Story at a glance
- The trial of former police officer Derek Chauvin for the death of George Floyd began in Minneapolis on Monday.
- The defense argues that Floyd had drugs in his system at the time of his death.
The trial of Derek Chauvin, the former Minneapolis police officer charged for the death of George Floyd, began Monday with opening statements from the prosecution and defense in a rare televised trial.
Floyd, a 46-year-old Black man, died while in police custody during an arrest in May 2020. Chauvin knelt on Floyd’s neck for nearly nine minutes despite Floyd’s cries for air. His killing renewed the Black Lives Matter movement both across the country and the world, with activists calling for an end to police brutality and systemic racism.
This is the first time a Minnesota trial has been broadcast, with media outlets livestreaming the trial and live coverage on Court TV. Judge Peter Cahill made the unprecedented decision to expand access in part because of COVID-19, according to NPR. Pandemic spacing requirements meant the smaller public gallery couldn’t be used, so there were only two seats left for reporters and one each for the families of Chauvin and Floyd.
Lead prosecutor Jerry Blackwell spoke first, playing the widely circulated video of Chauvin kneeling on Floyd’s neck before the jury and court. He stated that Floyd died from oxygen deprivation and did not die from an opioid overdose, pushing back against a narrative reinforced by Chauvin’s defense team. An independent autopsy found that his death was a homicide and that Floyd died of “asphyxiation from sustained pressure” when his neck and back were compressed.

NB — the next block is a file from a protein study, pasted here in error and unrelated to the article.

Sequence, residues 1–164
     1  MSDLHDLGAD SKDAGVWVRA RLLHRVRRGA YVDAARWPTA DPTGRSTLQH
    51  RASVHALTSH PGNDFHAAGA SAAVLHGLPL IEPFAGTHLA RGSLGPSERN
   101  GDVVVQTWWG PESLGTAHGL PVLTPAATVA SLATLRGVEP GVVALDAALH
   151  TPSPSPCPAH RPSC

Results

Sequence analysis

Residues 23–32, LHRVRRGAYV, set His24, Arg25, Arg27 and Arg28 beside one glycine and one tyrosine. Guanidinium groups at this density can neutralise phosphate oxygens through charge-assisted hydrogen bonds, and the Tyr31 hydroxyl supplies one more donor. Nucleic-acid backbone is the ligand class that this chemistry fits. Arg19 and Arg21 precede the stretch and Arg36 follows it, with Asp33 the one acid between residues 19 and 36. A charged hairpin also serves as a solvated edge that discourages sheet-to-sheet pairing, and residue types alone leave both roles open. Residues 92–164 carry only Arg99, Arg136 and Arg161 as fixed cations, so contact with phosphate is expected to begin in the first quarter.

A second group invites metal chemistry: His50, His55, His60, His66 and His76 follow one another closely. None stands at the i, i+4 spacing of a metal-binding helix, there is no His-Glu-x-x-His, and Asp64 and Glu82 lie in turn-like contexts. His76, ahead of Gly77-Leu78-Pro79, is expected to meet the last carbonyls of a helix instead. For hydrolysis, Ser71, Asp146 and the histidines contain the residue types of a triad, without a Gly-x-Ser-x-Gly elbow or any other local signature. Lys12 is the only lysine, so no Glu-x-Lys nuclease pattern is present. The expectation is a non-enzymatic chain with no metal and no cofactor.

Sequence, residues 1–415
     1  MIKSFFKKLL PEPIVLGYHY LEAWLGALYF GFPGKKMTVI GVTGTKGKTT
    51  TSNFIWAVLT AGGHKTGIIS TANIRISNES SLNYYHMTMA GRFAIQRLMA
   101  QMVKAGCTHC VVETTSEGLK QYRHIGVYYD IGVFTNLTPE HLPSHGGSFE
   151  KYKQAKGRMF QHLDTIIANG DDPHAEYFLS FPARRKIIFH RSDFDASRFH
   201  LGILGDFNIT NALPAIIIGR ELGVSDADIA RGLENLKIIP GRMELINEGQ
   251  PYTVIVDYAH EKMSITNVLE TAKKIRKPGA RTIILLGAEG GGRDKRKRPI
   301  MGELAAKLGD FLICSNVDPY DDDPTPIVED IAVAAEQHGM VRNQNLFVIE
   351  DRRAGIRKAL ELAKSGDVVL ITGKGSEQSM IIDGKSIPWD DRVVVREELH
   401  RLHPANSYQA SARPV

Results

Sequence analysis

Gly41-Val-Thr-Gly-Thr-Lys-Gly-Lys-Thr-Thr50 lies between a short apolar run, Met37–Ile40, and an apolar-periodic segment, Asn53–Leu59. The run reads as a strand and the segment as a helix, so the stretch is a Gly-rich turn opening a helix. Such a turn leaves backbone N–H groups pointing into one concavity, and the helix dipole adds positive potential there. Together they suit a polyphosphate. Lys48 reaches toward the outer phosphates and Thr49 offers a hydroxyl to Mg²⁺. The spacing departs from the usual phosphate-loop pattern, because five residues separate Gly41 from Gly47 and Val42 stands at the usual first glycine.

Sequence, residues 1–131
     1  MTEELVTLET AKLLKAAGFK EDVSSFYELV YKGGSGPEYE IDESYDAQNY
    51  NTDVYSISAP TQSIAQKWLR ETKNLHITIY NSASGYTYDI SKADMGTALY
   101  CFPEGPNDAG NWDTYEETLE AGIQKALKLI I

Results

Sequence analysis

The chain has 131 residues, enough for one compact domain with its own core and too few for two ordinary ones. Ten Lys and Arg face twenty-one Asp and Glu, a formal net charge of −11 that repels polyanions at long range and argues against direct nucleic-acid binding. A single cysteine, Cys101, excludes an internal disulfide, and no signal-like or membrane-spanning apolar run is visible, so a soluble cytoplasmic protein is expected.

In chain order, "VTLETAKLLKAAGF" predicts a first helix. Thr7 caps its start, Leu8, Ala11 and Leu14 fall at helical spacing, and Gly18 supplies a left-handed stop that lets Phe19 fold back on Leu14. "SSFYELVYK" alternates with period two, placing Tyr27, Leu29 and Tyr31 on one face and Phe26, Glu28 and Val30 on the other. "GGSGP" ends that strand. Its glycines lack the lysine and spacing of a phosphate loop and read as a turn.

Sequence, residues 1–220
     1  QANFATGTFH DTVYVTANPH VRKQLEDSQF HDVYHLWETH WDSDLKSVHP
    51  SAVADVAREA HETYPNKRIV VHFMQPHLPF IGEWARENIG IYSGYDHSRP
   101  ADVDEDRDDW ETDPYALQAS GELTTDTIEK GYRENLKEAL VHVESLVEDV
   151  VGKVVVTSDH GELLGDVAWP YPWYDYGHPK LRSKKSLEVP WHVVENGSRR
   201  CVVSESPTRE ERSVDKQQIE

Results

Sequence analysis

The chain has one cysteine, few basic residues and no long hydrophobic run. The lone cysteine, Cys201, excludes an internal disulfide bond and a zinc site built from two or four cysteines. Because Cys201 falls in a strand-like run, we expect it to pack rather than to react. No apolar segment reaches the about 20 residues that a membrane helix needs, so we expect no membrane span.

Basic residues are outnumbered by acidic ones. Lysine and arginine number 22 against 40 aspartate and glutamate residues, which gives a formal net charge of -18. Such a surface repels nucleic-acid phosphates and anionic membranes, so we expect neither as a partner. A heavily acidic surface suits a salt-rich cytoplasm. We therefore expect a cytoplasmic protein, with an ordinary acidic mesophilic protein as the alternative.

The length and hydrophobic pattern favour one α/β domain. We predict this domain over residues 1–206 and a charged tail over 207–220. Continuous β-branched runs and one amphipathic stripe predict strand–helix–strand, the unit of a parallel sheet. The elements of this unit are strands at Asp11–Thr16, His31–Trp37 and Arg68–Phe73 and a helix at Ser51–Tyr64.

Regardless, defense attorney Eric Nelson said that Floyd’s autopsy report showed an enlarged heart and that a toxicology report showed fentanyl and methamphetamine in Floyd’s system at the time of his death. Hypertension was also recorded, contributing to his death, Nelson asserted.
Additionally, Nelson said that the official autopsy saw no tell-tale signs of asphyxiation.
The defense’s argument also rests on Chauvin doing what he was trained to do as a police officer. Chauvin used a maximal restrained technique, a documented police maneuver, on Floyd, who was unarmed.
Nelson also described the initial emergency call from an employee at Cup Foods, where Floyd had allegedly tried to purchase cigarettes with a counterfeit $20 bill, as saying that Floyd appeared intoxicated.
Aside from the prosecution, Ben Crump, representing the Floyd family, further disputed the defense’s account of events. He said that Floyd was in good health prior to his fatal encounter with police.
“This murder case is not hard,” Crump said in a press conference outside the courthouse in Minneapolis.
Floyd’s family received a $27 million settlement this month, the largest pretrial settlement in a civil rights wrongful death case in American history. Crump says the settlement is just part of the “full justice” the family is seeking in the criminal trial.
“What we want to know is, will we see justice?” Crump told reporters. “The whole world is watching.”